Course Hero. "Wicked Study Guide." Course Hero. 1 June 2017. Web. 14 Nov. 2018. <https://www.coursehero.com/lit/Wicked/>.
Course Hero. (2017, June 1). Wicked Study Guide. In Course Hero. Retrieved November 14, 2018, from https://www.coursehero.com/lit/Wicked/
(Course Hero, 2017)
Course Hero. "Wicked Study Guide." June 1, 2017. Accessed November 14, 2018. https://www.coursehero.com/lit/Wicked/.
Course Hero, "Wicked Study Guide," June 1, 2017, accessed November 14, 2018, https://www.coursehero.com/lit/Wicked/.
After seven years, Elphaba leaves the Cloister of St. Glinda with a young boy named Liir in tow. She joins the Grasstrail Train, led by Oatsie Manglehand, to travel to the Vinkus in the west. Elphaba has trouble sleeping and remembers when Tibbett was brought to the cloister for care; he was an incontinent invalid at the end of his life, driven mad by his experience at the Philosophy Club. When he dies the Superior Maunt tells Elphaba it is time for her to leave the cloister.
On the trip Liir befriends the cook's dog, Killyjoy. The train moves into Kumbricia's Pass, a passage through the Great Kells that resembles a woman lying on her back with her legs open. Elphaba convinces a hive of bees to come with the group. While they move through the pass, Igo, an old man traveling to the grasslands to die, quotes lines from the Oziad, and the cook declares his disbelief in the Kumbric Witch, annoying Elphaba.
The train hires a rafiqi, or guide, to help negotiate with the tribes who live in the mountains and grasslands beyond. Liir comes to idolize him. The pass moves through forest, and the cook disappears in the middle of the night. The path moves up through higher elevations, and the group encounters the Yunamata tribe in the night. The tribe brings dried fruit and dances with the travelers, but none of the tribesmen know about the missing cook. A few days later, as the train descends, a Yunamata messenger arrives to tell the travelers of a body at the base of a cliff, swollen beyond recognition. The travelers blame Elphaba and her bees. Elphaba dismisses the accusations. The train moves toward the grasslands and the passengers can see the campfires of the Scrow tribe in the distance.
When the Grasstrail Train encounters the Scrow, they are introduced to the Princess Nastoya, "the filthiest, least-educated princess anyone had ever seen." Elphaba, Oatsie, Igo, the rafiqi, and a financial speculator named Pinchweed are invited to a private audience with Princess Nastoya in the evening. When they meet, the princess assumes her true form as an Elephant and asks each of them why they have come to the Vinkus. Each traveler answers honestly, including Elphaba, who says she is going to Kiamo Ko to seek the forgiveness of her dead lover's wife and ensure his family's safety. Princess Nastoya is under a spell that gives her human form, which she uses to hide from those who are hostile to Animals. She says Elphaba is in hiding as a witch now and gives Elphaba three crows to contact her if she needs assistance later. Princess Nastoya says Elphaba, on some level, told her bees to kill the cook. Elphaba protests, insisting her only wish now is to do no harm. Nastoya tells Elphaba she has a job to do and sends her off to do it.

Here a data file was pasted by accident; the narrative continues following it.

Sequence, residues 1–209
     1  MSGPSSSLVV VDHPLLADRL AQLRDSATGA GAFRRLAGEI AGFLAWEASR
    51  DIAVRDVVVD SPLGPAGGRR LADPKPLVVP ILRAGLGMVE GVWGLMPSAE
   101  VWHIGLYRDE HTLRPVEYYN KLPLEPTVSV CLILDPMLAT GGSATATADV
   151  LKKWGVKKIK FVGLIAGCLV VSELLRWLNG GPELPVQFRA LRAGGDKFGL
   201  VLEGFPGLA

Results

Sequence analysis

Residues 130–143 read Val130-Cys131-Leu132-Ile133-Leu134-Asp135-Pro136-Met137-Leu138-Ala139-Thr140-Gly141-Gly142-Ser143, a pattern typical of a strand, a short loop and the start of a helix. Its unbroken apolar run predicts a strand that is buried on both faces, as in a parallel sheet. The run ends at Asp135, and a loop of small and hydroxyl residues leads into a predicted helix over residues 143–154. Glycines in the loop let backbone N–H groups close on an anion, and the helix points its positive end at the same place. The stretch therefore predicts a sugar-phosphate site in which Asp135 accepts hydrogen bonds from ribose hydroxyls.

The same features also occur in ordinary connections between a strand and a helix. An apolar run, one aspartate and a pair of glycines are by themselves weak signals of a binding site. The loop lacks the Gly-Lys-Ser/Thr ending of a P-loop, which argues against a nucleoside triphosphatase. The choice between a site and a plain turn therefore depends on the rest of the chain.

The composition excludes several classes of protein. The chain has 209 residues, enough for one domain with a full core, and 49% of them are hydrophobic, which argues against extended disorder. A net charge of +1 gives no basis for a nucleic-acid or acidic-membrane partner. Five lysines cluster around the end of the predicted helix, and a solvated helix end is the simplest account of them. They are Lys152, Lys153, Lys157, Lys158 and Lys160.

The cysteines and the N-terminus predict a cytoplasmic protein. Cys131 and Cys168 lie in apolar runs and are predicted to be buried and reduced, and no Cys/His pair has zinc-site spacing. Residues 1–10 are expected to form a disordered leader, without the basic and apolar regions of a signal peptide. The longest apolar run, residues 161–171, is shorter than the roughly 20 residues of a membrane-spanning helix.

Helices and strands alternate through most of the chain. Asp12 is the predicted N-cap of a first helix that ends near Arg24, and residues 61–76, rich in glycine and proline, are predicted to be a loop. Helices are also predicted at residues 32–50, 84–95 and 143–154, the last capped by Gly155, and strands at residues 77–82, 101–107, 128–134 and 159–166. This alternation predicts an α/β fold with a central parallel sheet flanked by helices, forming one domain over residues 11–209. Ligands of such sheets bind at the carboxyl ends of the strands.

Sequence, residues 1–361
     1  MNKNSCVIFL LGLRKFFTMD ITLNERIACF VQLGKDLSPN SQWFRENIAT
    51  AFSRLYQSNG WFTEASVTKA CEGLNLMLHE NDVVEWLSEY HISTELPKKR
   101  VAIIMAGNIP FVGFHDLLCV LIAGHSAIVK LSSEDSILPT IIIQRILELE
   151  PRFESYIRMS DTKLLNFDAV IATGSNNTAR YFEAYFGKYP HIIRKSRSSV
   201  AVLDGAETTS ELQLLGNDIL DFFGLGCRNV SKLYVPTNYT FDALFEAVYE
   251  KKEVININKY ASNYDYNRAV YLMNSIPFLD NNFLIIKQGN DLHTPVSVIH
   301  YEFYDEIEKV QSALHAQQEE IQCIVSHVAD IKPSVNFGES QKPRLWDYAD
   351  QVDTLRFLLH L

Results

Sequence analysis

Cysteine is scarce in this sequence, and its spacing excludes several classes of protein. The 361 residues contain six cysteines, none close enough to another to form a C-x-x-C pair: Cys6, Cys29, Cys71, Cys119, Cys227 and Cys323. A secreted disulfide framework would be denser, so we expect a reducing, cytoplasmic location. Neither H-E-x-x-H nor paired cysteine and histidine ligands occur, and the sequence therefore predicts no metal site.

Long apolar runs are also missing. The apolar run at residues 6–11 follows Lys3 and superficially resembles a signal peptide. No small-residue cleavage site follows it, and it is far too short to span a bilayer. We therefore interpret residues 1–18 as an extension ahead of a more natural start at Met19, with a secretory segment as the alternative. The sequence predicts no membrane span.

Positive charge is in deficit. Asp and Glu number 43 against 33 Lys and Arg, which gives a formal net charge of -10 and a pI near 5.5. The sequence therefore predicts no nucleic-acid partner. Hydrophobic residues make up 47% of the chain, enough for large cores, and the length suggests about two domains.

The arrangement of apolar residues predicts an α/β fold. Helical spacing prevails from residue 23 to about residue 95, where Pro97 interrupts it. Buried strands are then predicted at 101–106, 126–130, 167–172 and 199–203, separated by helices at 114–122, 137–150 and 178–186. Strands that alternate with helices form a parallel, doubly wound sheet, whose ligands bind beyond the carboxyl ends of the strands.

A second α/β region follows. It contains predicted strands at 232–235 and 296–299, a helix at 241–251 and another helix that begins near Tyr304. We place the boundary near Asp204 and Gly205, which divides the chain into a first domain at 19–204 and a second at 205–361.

The Grasstrail Train moves north into the Arjiki tribal lands. The Arjiki tribesmen remind Elphaba of Fiyero. As the train moves into the mountains, Killyjoy captures a baby snow monkey on a small island in the middle of a lake. Elphaba wants to rescue the monkey, but she is afraid to step in the lake. She takes a step anyway, and the water freezes, enabling her to reach the monkey, which she names Chistery. When they reach Kiamo Ko, Elphaba approaches the fortress with the dog, the monkey, and the bees. Liir comes along despite Elphaba's indifference to him; he has nowhere else to go.